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Remembering Probert

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It was back in early 1992. The Rangers had a young tough guy named Tie Domi who was well on his way to being the #1 or #2 contender for the heavyweight championship of NHL pugilists. He challenged NHL heavyweight champion Bob Probert at Madison Square Garden. The edge went to Probert but Domi went to the box making the sign that he was wearing the heavyweight belt. The Wings never forgot it.

Fast forward to December 2, 1992 at MSG. The fight everyone knew was coming was being hyped by the NY tabloids with tales of the tape sidebars and all kinds of buildup. Other that games five and seven of the 1994 Finals I have never seen MSG that crowded for warm-ups.

Early in the game, very early, like under 30 seconds in they went at it again and while Domi did well there was no doubt that Probert was the still the king. Steve Yzerman, who never forgot Domi’s antics after their first fight, mimicked Domi with the heavyweight belt gesture as Probert reminded everyone who was the King of the Castle.

An NHL veteran at this point and a former all-star (who once had scored 29 goals) the Windsor, Ontario native was clearly the best fighter the NHL had seen since Dave Schultz retired. No one messed with Probert and those who did usually paid for it for months.

Craig Coxe was a pretty tough customer. Another of that crop of young big tough guys, Coxe was a member of the Vancouver Canucks when he tried Probert for the first time. He was the atom bomb replacing conventional weaponry.

Coxe tried Probert in the mid 1980’s and the fight is a classic, you can find it on You Tube. Coxe was a player in the Central Hockey League when I was an Associate Head Coach in the league (he was in Tulsa, I was in Macon). I caught up to him once after a morning skate and asked him about his tough guy days in the NHL and after a brief chat I asked about Probert and that fight.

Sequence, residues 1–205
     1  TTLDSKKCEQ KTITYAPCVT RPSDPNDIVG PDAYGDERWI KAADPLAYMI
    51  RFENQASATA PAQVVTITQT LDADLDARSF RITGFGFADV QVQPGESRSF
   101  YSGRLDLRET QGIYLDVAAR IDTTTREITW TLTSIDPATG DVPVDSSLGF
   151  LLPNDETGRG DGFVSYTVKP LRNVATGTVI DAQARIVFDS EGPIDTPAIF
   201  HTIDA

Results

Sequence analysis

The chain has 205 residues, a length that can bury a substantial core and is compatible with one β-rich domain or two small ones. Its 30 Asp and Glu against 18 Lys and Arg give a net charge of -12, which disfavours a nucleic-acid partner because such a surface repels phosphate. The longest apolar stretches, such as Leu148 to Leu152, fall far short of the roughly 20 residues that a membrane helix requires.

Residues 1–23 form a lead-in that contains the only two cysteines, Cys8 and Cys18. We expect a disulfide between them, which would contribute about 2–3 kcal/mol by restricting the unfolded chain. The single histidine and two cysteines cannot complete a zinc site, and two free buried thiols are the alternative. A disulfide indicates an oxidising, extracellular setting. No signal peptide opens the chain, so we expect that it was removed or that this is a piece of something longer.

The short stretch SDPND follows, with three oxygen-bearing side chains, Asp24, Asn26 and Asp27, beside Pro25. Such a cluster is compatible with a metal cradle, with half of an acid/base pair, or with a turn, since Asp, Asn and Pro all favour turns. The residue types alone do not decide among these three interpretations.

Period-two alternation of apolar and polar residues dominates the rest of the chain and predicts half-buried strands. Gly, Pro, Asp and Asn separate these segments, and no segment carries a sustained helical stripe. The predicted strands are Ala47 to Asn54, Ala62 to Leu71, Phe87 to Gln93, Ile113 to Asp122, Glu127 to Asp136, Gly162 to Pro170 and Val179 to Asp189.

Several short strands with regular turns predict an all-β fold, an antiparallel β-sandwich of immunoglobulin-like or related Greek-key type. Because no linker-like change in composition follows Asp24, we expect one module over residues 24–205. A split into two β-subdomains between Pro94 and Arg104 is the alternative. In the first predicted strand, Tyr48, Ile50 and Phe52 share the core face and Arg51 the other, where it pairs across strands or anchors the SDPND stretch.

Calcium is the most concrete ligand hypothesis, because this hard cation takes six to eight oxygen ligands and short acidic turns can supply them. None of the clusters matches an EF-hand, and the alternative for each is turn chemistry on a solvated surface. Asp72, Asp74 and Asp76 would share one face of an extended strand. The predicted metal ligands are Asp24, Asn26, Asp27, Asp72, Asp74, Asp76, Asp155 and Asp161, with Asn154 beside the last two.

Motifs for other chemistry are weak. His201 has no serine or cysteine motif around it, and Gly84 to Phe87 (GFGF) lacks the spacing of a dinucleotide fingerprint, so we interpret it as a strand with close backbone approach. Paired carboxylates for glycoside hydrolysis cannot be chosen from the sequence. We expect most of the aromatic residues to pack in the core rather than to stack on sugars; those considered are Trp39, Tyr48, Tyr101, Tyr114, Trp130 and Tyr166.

“That man was as tough as any man I ever fought, NHL or minor leagues,” he said as we sat in the bowels of the Macon Coliseum, I’m guessing this was around the 1997-1998 season. “He’ll go down in history as the best fighter in the league. The thing is, he can play also. He gave a lot of tough guys an impression that if you were that tough you could become a pretty good player at that level because no one would ever be crazy enough to take you on after a while.”

Probert is being mourned in Detroit this morning after suddenly passing away yesterday on Lake St. Clair at age 45. Probert symbolized Detroit sports, much like the Bad Boys of the Detroit Pistons did in their hey dey or Joe Louis did when he ruled the boxing world. There is a statue of a big black arm in the heart of downtown Detroit near Cobo Hall, a tribute to Joe Louis. That clenched fist could have very easily been painted red and white and symbolized Probert when he played for the Red Wings. It seemed fitting that Probert played most of his career in Joe Louis Arena.